Category Archives: Dorlana’s Books

Writing Diary Entry #6

pen with heartI received my second round of edits for The Trouble with Snowmen a couple of weeks ago and everything else came to a screeching halt! I’ve been a good girl and haven’t focused on anything except for those edits. So there are no updates on the other projects.

I will say that editing/rewriting is my favorite part of writing a book. There is something about finding the right word, reworking sentences, and discovering plot connections that I didn’t even realize were there that make this part of process the most rewarding to me. I would much rather have something to work with than a blank page.

But now that I have finished the edits, I will turn my attention back to my other projects. The question is: Which one do I work on first …?

Love and Laughter


Writing Diary Entry #4

June 22 – June 28

This week went to book 3 of my series. And I didn’t actually have a chance to write on it at the end of the week. I didn’t work on the fairy tale at all, and it doesn’t look good for this week either. I received some edits back from my editor, and so that will also go on this list – (it will also be measured as time spent.) So since this isn’t just a rough draft diary entry any longer, I will have a new title for these posts.

Trouble with Men Series book #3 – words written: 4283

What I find interesting about this book (and book 2) is that it wouldn’t exist without The Trouble with Snowmen. The main female character was only mentioned in Snowmen (book 1)  and the main male character has a minor role in The Trouble with Scarecrows (book 2) When I created their characters in the other books I didn’t know they would be the hero and heroine in this book. But while brainstorming they ended up being perfect opposites (which is the Tropes for the series) I’m not a pre-book character profiler – that’s work – yuck, and I have to get them into situations before I know how they will react. I’m over 12k in the book and have learned a lot about them. It has still been somewhat frustrating but I have to remember that frustration is a writer’s BFF. The story also took an unexpected turn. And now I have a few chapters that I have ideas for, which is always good.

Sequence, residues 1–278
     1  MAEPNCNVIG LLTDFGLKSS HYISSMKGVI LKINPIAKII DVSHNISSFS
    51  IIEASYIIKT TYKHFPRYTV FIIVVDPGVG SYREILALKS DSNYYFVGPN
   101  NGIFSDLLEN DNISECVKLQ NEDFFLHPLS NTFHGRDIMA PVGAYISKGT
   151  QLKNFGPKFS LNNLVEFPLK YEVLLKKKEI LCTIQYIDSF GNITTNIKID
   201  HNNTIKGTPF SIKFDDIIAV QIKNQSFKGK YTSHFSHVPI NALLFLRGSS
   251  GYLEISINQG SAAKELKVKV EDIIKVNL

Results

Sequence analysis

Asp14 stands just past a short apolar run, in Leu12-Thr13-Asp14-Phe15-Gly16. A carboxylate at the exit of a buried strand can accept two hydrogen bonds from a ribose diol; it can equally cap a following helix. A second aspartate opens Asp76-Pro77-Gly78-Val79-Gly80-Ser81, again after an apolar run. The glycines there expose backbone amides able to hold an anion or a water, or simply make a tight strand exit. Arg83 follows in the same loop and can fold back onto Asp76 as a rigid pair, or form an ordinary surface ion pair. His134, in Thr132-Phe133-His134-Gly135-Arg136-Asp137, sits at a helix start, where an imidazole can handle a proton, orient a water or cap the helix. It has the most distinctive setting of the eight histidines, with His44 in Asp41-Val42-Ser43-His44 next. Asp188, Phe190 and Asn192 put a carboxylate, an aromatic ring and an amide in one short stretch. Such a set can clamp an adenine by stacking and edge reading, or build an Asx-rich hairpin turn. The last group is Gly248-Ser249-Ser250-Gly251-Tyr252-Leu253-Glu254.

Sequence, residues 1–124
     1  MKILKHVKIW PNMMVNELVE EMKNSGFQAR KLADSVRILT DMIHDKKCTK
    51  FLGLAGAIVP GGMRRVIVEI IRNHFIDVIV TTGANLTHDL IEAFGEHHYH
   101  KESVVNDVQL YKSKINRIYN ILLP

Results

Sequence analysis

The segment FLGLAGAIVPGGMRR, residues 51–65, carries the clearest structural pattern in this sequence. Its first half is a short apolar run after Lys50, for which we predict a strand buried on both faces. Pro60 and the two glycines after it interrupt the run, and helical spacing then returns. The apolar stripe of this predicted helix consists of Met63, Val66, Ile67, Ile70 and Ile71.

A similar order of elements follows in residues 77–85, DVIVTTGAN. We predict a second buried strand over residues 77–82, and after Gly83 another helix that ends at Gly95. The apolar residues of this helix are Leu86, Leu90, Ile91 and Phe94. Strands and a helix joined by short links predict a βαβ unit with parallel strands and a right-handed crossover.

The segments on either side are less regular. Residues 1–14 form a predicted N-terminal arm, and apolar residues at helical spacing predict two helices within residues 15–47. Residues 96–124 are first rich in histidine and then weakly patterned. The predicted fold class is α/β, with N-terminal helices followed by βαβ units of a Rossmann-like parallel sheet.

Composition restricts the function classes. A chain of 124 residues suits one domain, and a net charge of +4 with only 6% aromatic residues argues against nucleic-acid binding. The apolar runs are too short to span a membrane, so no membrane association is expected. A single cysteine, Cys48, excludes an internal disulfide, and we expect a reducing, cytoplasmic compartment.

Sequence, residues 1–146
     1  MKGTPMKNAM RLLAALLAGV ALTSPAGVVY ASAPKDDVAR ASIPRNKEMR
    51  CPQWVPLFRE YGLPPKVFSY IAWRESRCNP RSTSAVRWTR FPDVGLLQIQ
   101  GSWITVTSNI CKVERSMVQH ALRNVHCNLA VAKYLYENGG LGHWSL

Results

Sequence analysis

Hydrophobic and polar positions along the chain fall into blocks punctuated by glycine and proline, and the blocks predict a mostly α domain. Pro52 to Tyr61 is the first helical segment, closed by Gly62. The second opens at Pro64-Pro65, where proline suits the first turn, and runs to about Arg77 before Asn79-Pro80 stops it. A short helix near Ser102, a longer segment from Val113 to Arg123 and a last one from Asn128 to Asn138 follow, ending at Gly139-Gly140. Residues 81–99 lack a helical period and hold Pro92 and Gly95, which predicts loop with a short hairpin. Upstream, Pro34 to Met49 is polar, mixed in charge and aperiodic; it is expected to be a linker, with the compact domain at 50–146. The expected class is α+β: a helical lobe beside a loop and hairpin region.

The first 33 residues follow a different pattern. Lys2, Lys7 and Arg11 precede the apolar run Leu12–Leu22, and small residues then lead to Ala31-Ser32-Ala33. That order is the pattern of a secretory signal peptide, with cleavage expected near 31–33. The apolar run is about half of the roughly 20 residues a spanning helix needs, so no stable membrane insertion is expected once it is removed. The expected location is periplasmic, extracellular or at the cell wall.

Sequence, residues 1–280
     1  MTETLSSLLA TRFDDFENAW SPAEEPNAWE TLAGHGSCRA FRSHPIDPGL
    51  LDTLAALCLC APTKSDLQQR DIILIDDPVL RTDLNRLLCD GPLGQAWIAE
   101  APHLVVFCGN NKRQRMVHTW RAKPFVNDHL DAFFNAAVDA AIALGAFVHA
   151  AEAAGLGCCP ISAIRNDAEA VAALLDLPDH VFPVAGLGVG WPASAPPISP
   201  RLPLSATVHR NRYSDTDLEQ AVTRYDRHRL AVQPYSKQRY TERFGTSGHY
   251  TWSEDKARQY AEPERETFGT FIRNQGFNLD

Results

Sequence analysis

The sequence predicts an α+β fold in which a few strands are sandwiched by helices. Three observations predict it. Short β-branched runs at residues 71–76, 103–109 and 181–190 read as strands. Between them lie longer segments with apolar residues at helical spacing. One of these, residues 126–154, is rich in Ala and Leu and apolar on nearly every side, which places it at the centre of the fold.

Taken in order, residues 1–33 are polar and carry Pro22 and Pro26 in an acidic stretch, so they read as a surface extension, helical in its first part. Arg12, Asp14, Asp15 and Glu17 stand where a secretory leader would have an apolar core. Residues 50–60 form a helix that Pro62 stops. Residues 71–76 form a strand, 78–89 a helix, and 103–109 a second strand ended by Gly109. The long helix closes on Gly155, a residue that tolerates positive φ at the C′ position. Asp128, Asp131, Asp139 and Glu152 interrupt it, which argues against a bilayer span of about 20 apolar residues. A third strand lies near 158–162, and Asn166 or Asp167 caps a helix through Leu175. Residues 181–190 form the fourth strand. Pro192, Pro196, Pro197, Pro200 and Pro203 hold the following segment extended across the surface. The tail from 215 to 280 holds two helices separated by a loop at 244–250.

YA Fairy Tale Inspired – time spent – 0 hours

Sorry backburner story ….

The Trouble with Scarecrows (book 2 Trouble with Men series) Time spent – 2 hours

I read over the notes and started working on edits for chapter 1 – I have some of my own changes also that I have been comparing with what edits were sent to me.

Love and Laughter,


Don’t Ignore your Inner Editor

(Writing advice I disagree with #1)

I believe NANOWRIMO made the advice to never go back and edit during your rough draft stage very popular. And, over the years, it seems to be one of the top items on everyone’s writing suggestions. Keep your focus forward – Don’t look back – Ignore your inner editor – Just get that word count!

A couple of days ago, I wrote the first 2011 words of my book. According to my progress graph (on the right side bar), I had completed 4% of my goal. But then I thought about where I needed this story to go. I’m not an outliner, but I do have major turning points/scenes of the book in my head. And the beginning that I had just written was not going to get me there. I had to go back and fix it.